By CP Staff
By Ed Huyck
By Ed Huyck
By Ed Huyck
By Ed Huyck
By Ed Huyck
By Ed Huyck
Hennepin County District Court Judge Jack Nordby figures he probably lets just about every defendant who comes before him for arraignment out on bail. That's right, every single one. "I don't remember any defendant I have not released or set bail for at an amount I thought he or she could pay," he says.
For Judge Nordby, this is a matter of principle, based on what he says is a strict interpretation of the Minnesota Constitution. To the judicial oversight group WATCH, however, the judge's practices present a serious threat to public safety. In fact, WATCH (which stands for We're at the Courthouse) was so concerned about Nordby's record on bail that last month it took the unusual step of sending a letter to Hennepin County Chief Judge Kevin Burke requesting that Judge Nordby not be allowed to handle the hearings at which initial bail requests are usually made.
Burke denied the request, but the day after the letter arrived, Nordby began his day on the bench by delivering a blistering rebuke. He defended his views on bail, chastised WATCH for "attempting to manipulate the management of the courts," and then he explained how he thought such conflicts should be handled. In doing so, he had waded into a long-standing--but rarely publicized--courthouse controversy.
Under Minnesota law, attorneys who believe that a client's case won't fare well before a particular judge can ask to be assigned to someone else's courtroom. The first time a lawyer asks, the case automatically goes to another judge, no questions asked. But if someone doesn't like the second judge, they have to come up with good reasons to dump him or her.
Nordby pointed out that this mechanism exists precisely to compensate for the bias WATCH fears: "I came [here] expecting that some or all of the county attorneys appearing here on bail questions may decide to remove me," he told a full courtroom. "I believe they have an absolute right to effect such a removal, assuming they obey the rules in doing so, and should not be criticized, much less disciplined, if they do this--even if they do it en masse."
In a controversy that has never quite come to a full boil, the decades-old rule splits the legal community fairly neatly down the middle: lawyers support the status quo, while judges are looking for reform. Lawyers see the rule as one of the few tools they have to combat a given judge's prejudices and idiosyncrasies--perhaps a record for being lenient on batterers or of treating female defendants especially harshly. The rule allows attorneys to move a ticklish case onto more neutral ground without insulting a judge they will have to appear before again and again.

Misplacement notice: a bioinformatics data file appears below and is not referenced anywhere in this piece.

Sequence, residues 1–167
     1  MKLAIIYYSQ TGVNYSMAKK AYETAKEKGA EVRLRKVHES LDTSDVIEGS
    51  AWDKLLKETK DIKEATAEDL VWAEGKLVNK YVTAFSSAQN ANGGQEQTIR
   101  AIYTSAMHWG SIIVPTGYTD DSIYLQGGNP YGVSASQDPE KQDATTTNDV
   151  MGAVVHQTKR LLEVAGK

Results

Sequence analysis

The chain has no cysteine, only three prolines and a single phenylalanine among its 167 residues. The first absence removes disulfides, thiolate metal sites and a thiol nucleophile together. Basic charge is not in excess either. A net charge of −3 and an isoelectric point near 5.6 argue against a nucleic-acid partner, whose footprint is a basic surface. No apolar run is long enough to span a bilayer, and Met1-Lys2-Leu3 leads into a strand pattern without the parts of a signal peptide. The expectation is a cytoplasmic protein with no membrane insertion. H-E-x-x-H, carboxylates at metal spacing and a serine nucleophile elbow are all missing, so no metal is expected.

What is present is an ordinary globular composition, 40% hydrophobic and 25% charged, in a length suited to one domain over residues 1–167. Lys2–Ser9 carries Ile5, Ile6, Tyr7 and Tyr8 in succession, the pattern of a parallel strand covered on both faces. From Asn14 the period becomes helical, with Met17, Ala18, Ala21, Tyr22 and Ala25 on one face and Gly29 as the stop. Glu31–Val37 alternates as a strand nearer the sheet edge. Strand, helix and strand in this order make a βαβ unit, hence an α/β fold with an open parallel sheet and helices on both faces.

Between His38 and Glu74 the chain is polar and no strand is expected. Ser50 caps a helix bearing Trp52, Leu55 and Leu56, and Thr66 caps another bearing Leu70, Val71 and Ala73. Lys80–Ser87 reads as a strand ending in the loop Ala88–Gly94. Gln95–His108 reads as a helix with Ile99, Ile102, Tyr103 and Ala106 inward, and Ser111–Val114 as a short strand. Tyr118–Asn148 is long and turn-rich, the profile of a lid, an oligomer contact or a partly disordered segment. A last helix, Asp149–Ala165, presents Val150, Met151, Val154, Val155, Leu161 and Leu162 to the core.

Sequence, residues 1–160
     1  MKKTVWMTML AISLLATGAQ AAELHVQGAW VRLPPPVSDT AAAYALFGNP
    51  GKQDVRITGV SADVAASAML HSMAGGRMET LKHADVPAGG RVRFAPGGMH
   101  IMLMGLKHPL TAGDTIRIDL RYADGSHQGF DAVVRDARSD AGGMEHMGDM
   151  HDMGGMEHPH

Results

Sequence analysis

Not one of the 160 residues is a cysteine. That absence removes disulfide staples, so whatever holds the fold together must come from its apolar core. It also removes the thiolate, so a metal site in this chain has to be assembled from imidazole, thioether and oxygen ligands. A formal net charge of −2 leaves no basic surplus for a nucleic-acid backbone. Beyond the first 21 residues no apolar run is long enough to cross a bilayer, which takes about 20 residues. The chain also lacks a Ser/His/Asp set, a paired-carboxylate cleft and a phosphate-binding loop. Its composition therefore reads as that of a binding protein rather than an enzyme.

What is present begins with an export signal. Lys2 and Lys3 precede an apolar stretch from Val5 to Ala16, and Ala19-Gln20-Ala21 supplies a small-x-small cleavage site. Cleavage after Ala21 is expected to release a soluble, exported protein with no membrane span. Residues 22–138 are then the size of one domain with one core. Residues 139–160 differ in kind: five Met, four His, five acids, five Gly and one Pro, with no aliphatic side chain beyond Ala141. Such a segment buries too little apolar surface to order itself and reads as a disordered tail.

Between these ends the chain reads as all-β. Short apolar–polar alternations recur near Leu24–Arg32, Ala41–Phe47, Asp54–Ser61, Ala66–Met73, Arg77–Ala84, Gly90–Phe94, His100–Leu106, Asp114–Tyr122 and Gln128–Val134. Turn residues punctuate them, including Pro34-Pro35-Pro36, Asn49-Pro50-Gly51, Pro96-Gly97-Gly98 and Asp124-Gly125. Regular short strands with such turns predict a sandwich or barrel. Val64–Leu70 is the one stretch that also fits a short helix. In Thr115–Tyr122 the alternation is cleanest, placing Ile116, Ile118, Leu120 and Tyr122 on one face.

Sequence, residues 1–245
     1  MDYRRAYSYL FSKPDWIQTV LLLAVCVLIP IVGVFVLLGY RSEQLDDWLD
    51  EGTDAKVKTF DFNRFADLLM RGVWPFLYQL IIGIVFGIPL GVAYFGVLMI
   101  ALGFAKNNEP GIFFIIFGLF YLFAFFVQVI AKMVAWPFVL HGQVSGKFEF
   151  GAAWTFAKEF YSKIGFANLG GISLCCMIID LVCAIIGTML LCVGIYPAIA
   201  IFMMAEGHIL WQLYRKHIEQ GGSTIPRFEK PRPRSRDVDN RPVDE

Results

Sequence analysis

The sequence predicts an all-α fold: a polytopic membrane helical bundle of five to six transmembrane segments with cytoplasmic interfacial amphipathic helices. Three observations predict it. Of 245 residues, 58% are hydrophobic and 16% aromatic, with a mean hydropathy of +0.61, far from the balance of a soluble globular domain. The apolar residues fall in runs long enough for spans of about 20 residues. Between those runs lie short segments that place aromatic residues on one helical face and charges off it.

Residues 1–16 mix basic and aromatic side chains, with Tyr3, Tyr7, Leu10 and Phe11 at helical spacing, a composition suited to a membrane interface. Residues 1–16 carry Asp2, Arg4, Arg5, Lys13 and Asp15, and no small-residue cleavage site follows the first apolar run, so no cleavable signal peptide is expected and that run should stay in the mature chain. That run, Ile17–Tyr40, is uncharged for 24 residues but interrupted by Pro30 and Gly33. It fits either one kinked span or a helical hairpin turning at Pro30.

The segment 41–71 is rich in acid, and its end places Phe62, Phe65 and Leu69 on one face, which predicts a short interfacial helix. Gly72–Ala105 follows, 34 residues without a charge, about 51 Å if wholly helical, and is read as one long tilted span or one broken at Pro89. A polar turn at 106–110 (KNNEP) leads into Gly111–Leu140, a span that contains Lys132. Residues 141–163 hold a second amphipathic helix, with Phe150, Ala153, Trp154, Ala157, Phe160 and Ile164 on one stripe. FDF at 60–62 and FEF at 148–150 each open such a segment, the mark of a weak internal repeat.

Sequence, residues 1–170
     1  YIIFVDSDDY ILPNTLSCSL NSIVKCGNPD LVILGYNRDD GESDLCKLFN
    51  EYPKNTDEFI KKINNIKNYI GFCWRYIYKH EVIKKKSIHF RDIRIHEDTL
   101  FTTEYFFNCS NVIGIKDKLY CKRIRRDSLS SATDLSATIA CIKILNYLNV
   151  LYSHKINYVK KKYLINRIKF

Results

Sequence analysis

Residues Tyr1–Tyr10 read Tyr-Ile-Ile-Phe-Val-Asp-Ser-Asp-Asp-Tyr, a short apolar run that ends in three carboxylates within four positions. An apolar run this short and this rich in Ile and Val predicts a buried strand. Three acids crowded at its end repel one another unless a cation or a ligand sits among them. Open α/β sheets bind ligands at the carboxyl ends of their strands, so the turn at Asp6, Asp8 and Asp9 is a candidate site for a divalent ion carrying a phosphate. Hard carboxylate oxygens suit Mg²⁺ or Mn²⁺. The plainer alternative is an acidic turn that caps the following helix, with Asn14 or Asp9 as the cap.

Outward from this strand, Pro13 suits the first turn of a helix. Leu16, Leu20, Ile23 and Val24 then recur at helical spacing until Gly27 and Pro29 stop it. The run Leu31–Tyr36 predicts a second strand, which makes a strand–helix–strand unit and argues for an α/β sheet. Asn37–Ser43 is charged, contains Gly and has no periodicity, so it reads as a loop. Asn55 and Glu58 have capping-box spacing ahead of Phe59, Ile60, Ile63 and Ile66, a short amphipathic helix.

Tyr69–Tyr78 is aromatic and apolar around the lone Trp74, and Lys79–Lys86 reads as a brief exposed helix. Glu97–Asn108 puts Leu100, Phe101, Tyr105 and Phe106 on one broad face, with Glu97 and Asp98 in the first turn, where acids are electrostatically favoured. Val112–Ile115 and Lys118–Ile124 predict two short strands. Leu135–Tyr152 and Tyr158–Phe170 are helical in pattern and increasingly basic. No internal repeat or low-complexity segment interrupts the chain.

But, to judges, the slope between the rule's fair use and its abuse is slippery indeed: Many feel attorneys use removals to "shop" for a sympathetic judge; others call the practice inefficient, arguing that changes in judicial assignments make it even harder for court administrators to juggle already chaotic calendars. On top of that, few judges acknowledge allowing their biases to influence their courtroom decisions.
In recent years judges have begun seeking to change the practice. The Conference of Chief Judges--the policymaking body for the district courts and an advisory committee to the state supreme court--has proposed making it harder to bump a judge from a case, in part by compelling attorneys to spell out why they want a change. Under the proposed system, an attorney could ask a judge to step down from a case. If the judge refused, the attorney would have to take the request to the chief judge in that county and outline the reasons for wanting a different courtroom assignment. That way, the council reasons, abuses will fall.
Judges, you see, can be prickly about these things. "You resent it," says Nordby, who reckons he gets "filed on" in criminal cases more often than any other judge in Hennepin County. "It's a personal insult. It hurts your feelings. But lawyers have clients and they have a duty to those clients, if they believe a judge won't be fair." Yet he parts company with his judicial colleagues on proposed changes to the rule, ardently supporting attorneys' ability to remove a judge without having to say why.
Lawyers exercise this right for just about any reason imaginable. Michael Cromett, assistant state public defender, explains that some judges gain a reputation for tending to rule one way in particular cases. "There are certain judges that attorneys think have blinders for certain areas," he explains. "They're generally good judges, but in some cases they're not. One judge"--like most practicing attorneys, Cromett won't say who--"has a blind spot for child victims or crimes involving animals. I wouldn't want a client charged with one of these crimes coming up in front of this particular judge." Other judges may have a harsh demeanor in the courtroom. Often, personal issues come into play.
Dakota County District Court Chief Judge Leslie Metzen, who served on the administrative committee of the Council of Chief Judges while it drafted the proposed change, says judges want to change the rule because they feel it has been abused. "As the rule stands now, if a judge is removed no reason is stated," she says. "That judge has no idea why a lawyer would be removing them." If attorneys had to give reasons, she claims, "those abuses would stop." For example, the proposed changes would prohibit removals for "an impermissible purpose, including, but not limited to, race, gender, religion, sexual orientation." It does not, however, include any provisions for ensuring that this does not happen.